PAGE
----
Designed by architect Renzo Piano, the project will create new resources for innovative teaching, research, and scholarship, and provide greater access to the collections—among the nation’s largest and most renowned—held by the Fogg, Busch-Reisinger, and Arthur M. Sackler museums
$5 million gift from the German Friends of the Busch-Reisinger Museum will support one of three new study centersDownload PDF
The Harvard Art Museums—comprising the Fogg Museum, the Busch-Reisinger Museum and the Arthur M. Sackler Museum—today announced that the renovation and expansion of the landmark building at 32 Quincy Street in Cambridge, Massachusetts, will open in the fall of 2014. Designed by architect Renzo Piano, the transformative facility will bring the three museums and their collections together under one roof for the ﬁrst time. The expansion will create new spaces and resources to advance the Harvard Art Museums’ mission of teaching across many disciplines, conducting research, training museum professionals, and presenting exhibitions and programs for the Harvard University community and the public.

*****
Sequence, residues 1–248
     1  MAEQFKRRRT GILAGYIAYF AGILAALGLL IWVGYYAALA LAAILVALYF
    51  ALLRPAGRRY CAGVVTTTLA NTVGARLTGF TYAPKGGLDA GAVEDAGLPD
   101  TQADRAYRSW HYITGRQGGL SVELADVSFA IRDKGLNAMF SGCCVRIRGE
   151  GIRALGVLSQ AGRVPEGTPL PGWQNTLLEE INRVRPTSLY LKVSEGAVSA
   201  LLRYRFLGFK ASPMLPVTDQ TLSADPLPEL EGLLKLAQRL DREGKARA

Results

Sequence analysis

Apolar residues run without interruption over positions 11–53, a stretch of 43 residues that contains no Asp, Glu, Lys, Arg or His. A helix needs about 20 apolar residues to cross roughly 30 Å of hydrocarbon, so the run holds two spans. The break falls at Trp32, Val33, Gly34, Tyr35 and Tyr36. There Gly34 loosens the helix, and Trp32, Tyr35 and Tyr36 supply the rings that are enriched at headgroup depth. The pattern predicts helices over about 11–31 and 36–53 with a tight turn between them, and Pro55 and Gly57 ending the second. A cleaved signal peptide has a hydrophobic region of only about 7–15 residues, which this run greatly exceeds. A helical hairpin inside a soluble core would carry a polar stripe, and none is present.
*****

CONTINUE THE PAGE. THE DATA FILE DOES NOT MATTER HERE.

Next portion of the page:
The building that currently houses the Arthur M. Sackler Museum at 485 Broadway has remained open since the renovation and expansion project began in 2008, providing ongoing access to the collections of all three museums. The current Sackler galleries will close at the end of regular hours on June 1, 2013, in order for the Harvard Art Museums to conduct the ﬁnal phases of the project, including packing and moving collections and preparing to install the galleries in the new facility. The building at 485 Broadway will remain open for staﬀ, faculty, students, and events. The special exhibition In Harmony: The Norma Jean Calderwood Collection of Islamic Art will be on view at that site through June 1, 2013.